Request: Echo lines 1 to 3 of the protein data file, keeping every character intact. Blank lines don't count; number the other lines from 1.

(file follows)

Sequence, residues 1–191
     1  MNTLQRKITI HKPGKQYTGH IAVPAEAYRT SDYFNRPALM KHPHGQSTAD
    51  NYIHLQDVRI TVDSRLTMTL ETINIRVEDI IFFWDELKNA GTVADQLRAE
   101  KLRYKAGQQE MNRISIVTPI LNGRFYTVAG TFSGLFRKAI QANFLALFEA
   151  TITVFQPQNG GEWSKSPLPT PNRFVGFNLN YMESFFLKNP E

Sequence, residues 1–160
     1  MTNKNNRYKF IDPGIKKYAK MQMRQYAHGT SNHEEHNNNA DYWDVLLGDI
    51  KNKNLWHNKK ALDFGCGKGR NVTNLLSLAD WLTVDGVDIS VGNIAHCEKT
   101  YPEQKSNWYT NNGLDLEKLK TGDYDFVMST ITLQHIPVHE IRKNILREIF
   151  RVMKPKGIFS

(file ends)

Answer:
Sequence, residues 1–191
     1  MNTLQRKITI HKPGKQYTGH IAVPAEAYRT SDYFNRPALM KHPHGQSTAD
    51  NYIHLQDVRI TVDSRLTMTL ETINIRVEDI IFFWDELKNA GTVADQLRAE